Fairbanks

Man killed in Fairbanks store shooting was ‘there at the wrong time,’ family says

Harley Ray Titus had walked to the Safeway grocery from his son’s nearby home in West Fairbanks on Sunday evening to grab a few things, his cousin said.

But as Titus, 41, was walking out of the store around 6:40 p.m., a tall man dressed in a plaid shirt walked briskly toward him and began shooting from a 9mm handgun, charging documents said. Titus was shot multiple times and died that night.

The shooter, identified by Fairbanks police as Joshua Eric Butcher, did not break stride as he entered the store, the charges said. He opened fire, spraying the store with bullets and shooting another man in the foot.

Witnesses described a scene of chaos and panic as people inside the store rushed to escape.

Butcher turned himself in at the Fairbanks Police Department roughly 10 minutes after the first shots were fired and police said this week that his motive remained unclear.

A social media account belonging to Butcher states that he is a former Safeway employee, although Teal Soden, a spokeswoman for the police department, said officials are still working with the company to verify employment records. Corporate communications for Safeway have not responded to requests for comment about the shooting.

Police are investigating whether Butcher was targeting certain individuals or if the violence was random, Soden said. Titus’ family said they do not believe he was acquainted with Butcher.

“We’ve never heard of him,” Vanessa Joseph, Titus’ cousin, said about Butcher. Titus “was there at the wrong time and wrong place.”

Butcher has no previous criminal history and Fairbanks police have not had any interactions with him during the last five years, aside from when he was a witness to a bike theft in September, Soden said. Alaska State Troopers in Fairbanks said they are assisting another agency in an active investigation involving Butcher, but operations supervisor Colleen Spears said she could not confirm whether the investigation involved Sunday’s shooting. Troopers had no other interactions with Butcher in the last five years, she said.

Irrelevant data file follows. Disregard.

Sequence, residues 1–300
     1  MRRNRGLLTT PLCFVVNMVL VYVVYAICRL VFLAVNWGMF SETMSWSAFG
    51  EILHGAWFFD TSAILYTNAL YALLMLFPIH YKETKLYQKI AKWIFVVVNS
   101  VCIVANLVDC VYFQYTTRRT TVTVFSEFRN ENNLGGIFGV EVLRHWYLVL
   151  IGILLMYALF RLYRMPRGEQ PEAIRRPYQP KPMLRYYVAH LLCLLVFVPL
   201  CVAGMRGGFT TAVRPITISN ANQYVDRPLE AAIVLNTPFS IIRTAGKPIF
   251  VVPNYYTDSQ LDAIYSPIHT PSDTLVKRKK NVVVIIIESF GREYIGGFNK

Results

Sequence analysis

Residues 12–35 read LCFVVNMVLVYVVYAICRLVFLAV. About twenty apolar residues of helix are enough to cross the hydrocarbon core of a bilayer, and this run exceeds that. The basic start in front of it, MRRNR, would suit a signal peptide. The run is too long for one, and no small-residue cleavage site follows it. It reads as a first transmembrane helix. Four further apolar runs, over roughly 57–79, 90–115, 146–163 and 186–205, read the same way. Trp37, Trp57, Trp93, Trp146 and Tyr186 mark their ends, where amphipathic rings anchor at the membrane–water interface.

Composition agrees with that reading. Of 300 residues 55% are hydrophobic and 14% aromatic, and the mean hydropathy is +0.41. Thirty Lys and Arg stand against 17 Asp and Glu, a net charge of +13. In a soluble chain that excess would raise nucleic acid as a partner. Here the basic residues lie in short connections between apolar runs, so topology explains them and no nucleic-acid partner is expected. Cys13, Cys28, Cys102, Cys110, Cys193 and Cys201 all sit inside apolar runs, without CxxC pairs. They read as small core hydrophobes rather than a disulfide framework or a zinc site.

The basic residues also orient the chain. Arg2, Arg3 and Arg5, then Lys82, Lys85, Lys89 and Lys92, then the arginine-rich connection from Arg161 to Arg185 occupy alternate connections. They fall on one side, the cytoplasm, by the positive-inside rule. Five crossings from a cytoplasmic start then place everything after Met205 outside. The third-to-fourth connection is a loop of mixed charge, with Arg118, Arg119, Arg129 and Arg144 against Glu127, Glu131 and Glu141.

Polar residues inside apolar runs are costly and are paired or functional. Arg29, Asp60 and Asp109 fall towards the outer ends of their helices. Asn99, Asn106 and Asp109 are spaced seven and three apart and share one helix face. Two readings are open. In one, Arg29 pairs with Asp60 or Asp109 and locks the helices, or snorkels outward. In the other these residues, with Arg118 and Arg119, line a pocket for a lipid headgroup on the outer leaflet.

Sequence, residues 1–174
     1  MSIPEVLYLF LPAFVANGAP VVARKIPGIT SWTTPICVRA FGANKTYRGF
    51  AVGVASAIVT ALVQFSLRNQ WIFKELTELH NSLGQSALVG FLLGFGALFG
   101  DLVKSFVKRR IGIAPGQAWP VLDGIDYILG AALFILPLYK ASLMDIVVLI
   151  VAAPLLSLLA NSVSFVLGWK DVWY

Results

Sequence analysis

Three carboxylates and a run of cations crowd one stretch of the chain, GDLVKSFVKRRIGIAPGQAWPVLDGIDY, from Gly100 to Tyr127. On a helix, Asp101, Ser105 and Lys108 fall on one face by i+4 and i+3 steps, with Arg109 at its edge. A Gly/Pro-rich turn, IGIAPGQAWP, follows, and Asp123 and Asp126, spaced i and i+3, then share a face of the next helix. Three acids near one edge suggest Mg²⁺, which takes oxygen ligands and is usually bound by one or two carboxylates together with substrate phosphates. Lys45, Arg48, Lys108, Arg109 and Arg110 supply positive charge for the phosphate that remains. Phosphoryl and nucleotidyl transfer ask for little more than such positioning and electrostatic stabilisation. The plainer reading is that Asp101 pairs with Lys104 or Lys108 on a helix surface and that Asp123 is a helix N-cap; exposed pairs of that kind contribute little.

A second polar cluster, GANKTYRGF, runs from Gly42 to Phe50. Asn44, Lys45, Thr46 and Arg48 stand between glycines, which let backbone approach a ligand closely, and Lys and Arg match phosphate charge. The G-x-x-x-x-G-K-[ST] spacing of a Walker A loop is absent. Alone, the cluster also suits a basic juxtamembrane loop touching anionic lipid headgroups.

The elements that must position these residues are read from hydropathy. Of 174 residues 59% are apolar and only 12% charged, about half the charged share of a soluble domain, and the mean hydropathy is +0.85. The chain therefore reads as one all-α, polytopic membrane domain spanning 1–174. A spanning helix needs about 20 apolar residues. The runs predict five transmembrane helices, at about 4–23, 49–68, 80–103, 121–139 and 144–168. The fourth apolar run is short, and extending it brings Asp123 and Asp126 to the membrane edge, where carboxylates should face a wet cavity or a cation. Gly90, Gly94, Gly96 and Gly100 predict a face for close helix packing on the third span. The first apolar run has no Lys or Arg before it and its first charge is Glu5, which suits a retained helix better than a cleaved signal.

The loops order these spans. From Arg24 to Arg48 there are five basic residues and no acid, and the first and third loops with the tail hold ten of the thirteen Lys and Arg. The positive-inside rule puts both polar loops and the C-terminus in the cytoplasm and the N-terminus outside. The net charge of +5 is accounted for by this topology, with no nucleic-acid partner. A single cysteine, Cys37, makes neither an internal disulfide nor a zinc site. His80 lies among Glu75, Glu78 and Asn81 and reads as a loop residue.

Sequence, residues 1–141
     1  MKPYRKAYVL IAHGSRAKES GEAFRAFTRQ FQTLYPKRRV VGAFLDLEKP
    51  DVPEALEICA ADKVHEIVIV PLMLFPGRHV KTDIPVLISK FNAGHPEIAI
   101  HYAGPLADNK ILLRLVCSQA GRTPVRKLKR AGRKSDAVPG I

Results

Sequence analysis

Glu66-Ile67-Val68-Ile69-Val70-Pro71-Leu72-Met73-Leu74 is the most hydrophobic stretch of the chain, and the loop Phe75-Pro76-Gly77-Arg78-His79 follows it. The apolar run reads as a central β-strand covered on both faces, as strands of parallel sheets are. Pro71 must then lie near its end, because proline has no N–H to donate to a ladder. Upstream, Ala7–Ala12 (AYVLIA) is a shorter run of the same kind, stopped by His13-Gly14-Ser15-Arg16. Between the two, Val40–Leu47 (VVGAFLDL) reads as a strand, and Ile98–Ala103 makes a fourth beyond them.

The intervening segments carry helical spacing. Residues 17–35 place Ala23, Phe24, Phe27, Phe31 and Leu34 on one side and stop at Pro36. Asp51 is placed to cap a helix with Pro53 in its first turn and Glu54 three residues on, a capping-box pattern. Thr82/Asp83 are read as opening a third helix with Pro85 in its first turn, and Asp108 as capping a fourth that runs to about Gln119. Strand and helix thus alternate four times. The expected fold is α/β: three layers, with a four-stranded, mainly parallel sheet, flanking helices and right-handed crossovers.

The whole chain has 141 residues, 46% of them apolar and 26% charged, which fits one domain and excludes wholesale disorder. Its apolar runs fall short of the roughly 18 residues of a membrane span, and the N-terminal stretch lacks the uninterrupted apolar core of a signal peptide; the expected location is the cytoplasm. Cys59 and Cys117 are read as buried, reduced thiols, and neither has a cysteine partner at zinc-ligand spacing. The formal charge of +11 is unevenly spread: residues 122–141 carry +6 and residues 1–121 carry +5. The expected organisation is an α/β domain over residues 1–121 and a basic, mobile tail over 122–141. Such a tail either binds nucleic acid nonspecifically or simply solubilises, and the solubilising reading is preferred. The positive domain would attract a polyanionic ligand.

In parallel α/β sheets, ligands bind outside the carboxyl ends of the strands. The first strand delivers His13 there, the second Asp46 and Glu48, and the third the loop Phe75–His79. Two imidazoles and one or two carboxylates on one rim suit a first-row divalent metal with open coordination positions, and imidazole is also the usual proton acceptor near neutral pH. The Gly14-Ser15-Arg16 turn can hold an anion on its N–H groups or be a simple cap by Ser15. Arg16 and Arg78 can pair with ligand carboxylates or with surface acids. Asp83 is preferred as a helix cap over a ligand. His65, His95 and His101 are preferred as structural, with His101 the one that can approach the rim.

The shooting has shaken the Fairbanks community, District Attorney Joseph Dallaire said at an arraignment hearing for Butcher on Monday. He described Butcher’s actions as an active shooter situation and said it was “akin to an act of domestic terrorism.”

While the consequences of the shooting will likely be felt throughout the community going forward, it will forever change the lives of Titus’ family, he said.

Joseph said Tuesday that her family is devastated by Titus’ death.

He was a longtime wildland firefighter who lived in Fairbanks for decades, she said. Titus was born in Minto, where his family plans to bury him, Joseph said.

Titus was an easygoing man who enjoyed making others laugh and went out of his way to help people, Joseph said. He loved being outdoors, she said.

In the days immediately following Titus’ death, Joseph said the family has received an outpouring of support.

“I can’t stop thinking of what happened and why, and I just can’t stop thinking of him,” she said. “It helps a lot seeing all those posts and being around everyone. All the support really helps us.”

Fairbanks police have asked that anyone who was in the store during the shooting and has not been contacted by police call the detective’s unit at 907-450-6550.

Butcher is being held on $10 million bail for a count of first-degree murder. Dallaire said additional charges are likely.

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